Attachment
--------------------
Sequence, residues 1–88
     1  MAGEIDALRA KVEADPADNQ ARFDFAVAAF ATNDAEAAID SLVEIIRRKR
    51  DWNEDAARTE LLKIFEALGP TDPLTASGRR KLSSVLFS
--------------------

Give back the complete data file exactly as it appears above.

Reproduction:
Sequence, residues 1–88
     1  MAGEIDALRA KVEADPADNQ ARFDFAVAAF ATNDAEAAID SLVEIIRRKR
    51  DWNEDAARTE LLKIFEALGP TDPLTASGRR KLSSVLFS